Yesterday, Colorado and Utah lawmakers succeeded in advancing bills that, if passed, would raise the legal age for buying tobacco to 21. The chief purpose of the bills would be to cut down on the number of smokers who are between 18 and 20, and stop teenagers from picking up the habit early. "What I'm hoping to do is make it harder for kids to obtain cigarettes," Rep. Cheri Gerou of Colorado told CBS.
And make no mistake, the statistics behind teens' cigarette use are pretty scary.
- 90 percent of smokers had their first cigarette by the age of 18
- 90 percent of cigarettes smoked by minors were purchased by 18 to 20-year-olds
But will increasing the smoking age really cut down on teen smoking? Well, it worked in Utah: The state's smoking age is 19, and it has the lowest smoking rate out of any state in the entire nation at 10.9 percent. England also successfully cut down teen smoking rates by 30 percent when it raised the smoking age from 16 to 18.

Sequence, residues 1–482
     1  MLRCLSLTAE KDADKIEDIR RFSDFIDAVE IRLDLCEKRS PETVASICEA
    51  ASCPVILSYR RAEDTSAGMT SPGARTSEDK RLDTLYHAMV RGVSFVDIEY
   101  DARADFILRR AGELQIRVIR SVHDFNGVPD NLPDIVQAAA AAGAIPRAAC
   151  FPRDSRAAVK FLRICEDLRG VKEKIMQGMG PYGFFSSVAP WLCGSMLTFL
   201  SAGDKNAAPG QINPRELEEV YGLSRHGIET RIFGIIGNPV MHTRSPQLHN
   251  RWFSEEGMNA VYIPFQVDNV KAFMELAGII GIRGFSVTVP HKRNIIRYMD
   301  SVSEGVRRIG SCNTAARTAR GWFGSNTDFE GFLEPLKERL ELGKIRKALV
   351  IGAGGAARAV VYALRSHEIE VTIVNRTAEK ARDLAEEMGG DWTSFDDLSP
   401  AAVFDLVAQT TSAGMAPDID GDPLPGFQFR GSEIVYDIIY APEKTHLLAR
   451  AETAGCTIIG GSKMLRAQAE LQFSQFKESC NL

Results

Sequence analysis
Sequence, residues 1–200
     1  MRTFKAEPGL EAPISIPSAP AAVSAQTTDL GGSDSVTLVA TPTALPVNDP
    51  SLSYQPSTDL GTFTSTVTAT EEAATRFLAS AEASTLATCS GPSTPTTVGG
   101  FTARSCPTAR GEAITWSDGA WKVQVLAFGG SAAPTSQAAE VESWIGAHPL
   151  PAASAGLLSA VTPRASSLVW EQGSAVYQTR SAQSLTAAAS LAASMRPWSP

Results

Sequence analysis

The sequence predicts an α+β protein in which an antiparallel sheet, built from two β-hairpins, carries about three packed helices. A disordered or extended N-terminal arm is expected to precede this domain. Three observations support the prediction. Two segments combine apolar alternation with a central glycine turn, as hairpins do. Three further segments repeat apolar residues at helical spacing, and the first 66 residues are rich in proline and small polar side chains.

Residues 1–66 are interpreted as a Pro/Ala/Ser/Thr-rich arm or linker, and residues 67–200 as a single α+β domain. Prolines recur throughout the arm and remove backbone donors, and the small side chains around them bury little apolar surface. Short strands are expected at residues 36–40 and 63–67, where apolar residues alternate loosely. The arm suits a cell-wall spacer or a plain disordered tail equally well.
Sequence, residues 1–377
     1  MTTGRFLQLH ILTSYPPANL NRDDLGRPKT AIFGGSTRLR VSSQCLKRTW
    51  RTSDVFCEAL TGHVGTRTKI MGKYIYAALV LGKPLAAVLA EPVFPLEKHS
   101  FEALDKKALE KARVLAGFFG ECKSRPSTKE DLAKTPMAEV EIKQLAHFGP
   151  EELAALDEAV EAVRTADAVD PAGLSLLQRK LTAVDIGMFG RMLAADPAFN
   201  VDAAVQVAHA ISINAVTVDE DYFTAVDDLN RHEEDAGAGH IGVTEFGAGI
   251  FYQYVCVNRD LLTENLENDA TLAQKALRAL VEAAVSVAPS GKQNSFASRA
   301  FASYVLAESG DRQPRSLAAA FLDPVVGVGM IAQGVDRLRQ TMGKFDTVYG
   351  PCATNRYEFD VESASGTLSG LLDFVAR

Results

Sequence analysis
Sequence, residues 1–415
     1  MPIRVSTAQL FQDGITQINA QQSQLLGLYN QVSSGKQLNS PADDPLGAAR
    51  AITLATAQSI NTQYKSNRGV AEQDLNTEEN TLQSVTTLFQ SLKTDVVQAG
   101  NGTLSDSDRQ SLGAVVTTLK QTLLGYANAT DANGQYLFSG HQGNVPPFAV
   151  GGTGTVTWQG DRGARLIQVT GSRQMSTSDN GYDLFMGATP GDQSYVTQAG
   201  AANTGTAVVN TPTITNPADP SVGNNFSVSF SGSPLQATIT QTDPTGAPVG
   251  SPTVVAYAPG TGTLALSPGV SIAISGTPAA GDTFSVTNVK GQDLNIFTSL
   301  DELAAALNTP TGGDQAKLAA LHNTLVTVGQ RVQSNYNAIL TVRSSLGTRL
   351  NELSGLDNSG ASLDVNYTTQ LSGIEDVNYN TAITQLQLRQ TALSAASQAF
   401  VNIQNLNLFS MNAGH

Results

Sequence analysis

Utah and Colorado aren't the only states that might be considering this change. Hawaii, Massachusetts, and New Jersey are also considering bills that propose a similar policy. New York City also raised the smoking age to 21 at the end of last year. In light of Colorado's recent legalization of marijuana, some might find the attempt to crack down on cigarette use among youth contradictory. However, research shows that cigarette-smoking is far harsher on your lungs than pot-smoking, and cigarettes are more addictive than they were ten years ago.